Let’s face it: nearly every teenager uses social media in one way or another. Social media has changed the way teenagers communicate and the way they consume information. There is understandably some concern about this, as teachers and parents worry that their children will experience cyber-bullying or become addicted to their mobile devices. While these concerns are reasonable, social media is like any other technological tool, and it can be used for good or bad. We show how teachers can integrate social media into the classroom to engage students in the learning process and train them to use digital technology in productive ways.
6 Fun Social Media Projects:
1. Summaries in Tweet Form
Some teachers may scoff at the idea, but having students summarize important readings in 140 characters gets them to think critically about the reading’s main idea. Too often in long-form essays, students stray from their thesis and lose track of the central point. The Twitter summary trains them to focus on the main idea, a skill that will come in handy throughout their education.
2. Fake Facebook Pages of Favorite Characters
Many teachers find success with this Facebook project. Rather than have students write a traditional book report, students can create Facebook pages of their favorite characters. If teachers enable students to collaborate on this project, an entire community of characters will be created. Imagine how fun it will be to see students interacting with each other as Scout and Jem from To Kill a Mockingbird, for example. This fun assignment engages students with the readings and explores their creative sides.
3. The Brick-by-Brick Discussion on Yammer
The brick-by-brick discussion is bound to excite students. Here’s how it works: After each class, students are required to post an idea, insight or question they have about the course content to Yammer. Then, another student responds with a meaningful comment. Every student in the class must post a comment at least once, and bonus points can be given to students who post meaningful comments more than once. This encourages classroom community and enables students to reflect on what they’re learning each day.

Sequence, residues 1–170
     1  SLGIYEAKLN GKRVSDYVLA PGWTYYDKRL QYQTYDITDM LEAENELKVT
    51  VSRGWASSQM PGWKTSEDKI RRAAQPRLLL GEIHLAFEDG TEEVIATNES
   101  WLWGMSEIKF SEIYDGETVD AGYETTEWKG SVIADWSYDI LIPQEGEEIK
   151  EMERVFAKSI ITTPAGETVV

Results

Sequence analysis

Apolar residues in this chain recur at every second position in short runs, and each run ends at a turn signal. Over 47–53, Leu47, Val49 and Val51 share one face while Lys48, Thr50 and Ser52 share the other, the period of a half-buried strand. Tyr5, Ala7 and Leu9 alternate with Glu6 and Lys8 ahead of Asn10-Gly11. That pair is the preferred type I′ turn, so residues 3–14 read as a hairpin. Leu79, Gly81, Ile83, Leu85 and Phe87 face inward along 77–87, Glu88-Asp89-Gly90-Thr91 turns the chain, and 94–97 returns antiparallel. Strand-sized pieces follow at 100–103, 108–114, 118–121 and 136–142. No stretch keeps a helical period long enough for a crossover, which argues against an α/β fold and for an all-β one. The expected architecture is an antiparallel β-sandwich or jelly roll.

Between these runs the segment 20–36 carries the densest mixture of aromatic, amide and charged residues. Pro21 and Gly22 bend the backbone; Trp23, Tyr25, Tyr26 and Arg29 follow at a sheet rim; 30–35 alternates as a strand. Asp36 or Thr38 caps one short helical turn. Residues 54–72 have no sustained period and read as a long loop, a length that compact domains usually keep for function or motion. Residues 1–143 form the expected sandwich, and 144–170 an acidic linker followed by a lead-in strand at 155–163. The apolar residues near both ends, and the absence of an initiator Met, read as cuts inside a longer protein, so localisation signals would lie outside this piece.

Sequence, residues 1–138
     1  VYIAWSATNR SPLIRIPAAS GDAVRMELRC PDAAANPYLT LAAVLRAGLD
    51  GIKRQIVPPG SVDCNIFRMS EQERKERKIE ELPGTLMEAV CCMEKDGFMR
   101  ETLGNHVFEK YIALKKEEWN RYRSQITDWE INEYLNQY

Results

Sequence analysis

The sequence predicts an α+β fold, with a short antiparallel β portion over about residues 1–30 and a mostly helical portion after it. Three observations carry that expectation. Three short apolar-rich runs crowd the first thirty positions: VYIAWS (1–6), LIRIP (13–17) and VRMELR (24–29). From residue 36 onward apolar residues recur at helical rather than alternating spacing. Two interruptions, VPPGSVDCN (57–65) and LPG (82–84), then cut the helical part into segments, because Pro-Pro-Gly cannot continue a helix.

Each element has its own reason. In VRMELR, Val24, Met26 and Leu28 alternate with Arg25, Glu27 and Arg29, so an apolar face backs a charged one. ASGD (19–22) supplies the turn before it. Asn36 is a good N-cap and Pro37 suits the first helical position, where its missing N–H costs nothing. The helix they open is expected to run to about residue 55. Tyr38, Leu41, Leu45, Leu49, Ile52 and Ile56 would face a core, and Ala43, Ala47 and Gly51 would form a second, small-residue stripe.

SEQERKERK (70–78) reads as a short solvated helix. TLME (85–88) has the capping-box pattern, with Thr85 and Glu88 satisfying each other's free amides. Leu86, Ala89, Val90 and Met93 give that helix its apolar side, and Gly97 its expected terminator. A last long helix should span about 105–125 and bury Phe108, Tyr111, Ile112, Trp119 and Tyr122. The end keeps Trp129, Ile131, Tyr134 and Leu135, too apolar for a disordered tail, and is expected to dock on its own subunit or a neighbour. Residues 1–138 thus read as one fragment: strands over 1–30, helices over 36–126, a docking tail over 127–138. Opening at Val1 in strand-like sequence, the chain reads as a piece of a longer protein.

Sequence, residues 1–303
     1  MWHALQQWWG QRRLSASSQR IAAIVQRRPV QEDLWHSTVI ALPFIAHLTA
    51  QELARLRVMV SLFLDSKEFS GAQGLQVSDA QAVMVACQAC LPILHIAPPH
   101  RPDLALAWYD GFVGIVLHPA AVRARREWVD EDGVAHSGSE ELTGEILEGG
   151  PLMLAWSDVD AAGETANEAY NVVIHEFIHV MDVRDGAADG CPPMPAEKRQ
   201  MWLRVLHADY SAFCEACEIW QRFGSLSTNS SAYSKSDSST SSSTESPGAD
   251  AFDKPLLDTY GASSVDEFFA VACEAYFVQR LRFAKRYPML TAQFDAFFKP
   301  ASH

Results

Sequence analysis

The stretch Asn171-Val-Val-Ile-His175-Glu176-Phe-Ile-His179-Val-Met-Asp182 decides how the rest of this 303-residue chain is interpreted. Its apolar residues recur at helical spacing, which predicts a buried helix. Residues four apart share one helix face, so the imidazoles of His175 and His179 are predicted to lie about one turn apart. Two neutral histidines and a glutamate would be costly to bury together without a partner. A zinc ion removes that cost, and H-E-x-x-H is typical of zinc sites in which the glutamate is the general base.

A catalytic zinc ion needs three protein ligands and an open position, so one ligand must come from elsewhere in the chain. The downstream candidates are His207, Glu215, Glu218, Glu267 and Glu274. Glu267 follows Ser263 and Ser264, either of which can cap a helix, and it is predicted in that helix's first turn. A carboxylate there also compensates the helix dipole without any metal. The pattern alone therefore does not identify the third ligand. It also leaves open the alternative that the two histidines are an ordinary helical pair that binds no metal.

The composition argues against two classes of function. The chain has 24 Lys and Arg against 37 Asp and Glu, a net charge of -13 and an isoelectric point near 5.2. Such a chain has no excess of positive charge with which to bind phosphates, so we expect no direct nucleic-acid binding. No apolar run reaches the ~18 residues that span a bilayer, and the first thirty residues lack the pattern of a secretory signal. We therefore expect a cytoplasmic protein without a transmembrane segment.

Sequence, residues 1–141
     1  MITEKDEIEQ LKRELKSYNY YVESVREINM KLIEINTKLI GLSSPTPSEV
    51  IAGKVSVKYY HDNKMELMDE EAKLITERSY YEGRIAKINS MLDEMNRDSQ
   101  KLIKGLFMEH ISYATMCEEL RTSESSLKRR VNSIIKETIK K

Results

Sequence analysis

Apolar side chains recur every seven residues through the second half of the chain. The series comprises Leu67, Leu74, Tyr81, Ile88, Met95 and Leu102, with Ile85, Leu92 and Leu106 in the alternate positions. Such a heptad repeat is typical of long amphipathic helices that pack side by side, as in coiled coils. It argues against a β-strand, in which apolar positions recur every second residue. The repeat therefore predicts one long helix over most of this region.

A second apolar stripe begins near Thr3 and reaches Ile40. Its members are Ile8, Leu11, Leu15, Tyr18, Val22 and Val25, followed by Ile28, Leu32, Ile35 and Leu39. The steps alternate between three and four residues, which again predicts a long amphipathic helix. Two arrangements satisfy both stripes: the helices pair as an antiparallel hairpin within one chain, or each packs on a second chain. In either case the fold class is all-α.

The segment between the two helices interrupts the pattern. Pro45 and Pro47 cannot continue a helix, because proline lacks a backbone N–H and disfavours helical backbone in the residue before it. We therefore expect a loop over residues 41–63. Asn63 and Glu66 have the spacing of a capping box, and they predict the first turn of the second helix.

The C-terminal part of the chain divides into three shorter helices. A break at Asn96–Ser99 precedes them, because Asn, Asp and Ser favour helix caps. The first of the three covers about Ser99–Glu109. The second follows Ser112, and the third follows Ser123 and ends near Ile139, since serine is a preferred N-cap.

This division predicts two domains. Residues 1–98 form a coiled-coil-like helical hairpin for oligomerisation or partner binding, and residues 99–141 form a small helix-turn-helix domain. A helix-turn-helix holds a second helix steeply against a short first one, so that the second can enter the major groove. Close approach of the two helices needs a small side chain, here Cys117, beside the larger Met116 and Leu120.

4. The Hashtag Activism Challenge
To encourage students to learn about social justice, teachers can ask them to use social media to promote a particular cause. This project-based learning activity engages students in real world activism, while at the same time, strengthens their digital communication skills. Students with the most success on social media (followers, like, retweets) can receive some sort of prize at the end of the school year.
5. Short Film Festival on YouTube
Teachers can let students express their creativity by making brief short films and uploading them onto YouTube. To make it more fun, teachers can host a student film festival at the end of the year, invite parents and other faculty and screen all of the student films for everyone to see. This project teaches students how to use digital technology in creative ways, and how to share their creative projects on the internet.
6. Social Media Research
Imagine if students had to write a research paper using only social media sources. This would not only make students more excited about the assignment, it would teach them how to navigate the tricky social media terrain. Students would learn how to find information on social media, and how to distinguish between expert opinions and the everyday musings of the average person. Students would be able to tell the difference between propaganda and legitimate news. Today’s students get most of their news from social media, so they might as well learn how to become digitally literate and determine credibility.
With UI design solutions like LiveTiles Mosaic, teachers can customize a digital classroom and integrate all of these social media tiles into one user-friendly page. As the screen shot below shows, teachers can add Yammer, Facebook and Twitter tiles so that students have the social media tools right at their fingertips. The cloud-based digital classroom is mobile-friendly and accessible on the go, which means that students can interact with classmates and the teacher from anywhere, so long as they have an internet connection.
Students are going to use social media regardless, so teachers might as well take advantage of this and turn social media into an engaging educational tool. Appropriate social media use improves students’ communication skills as they learn how to interact in digital spaces. These fun social media assignments are bound to make students excited about learning again.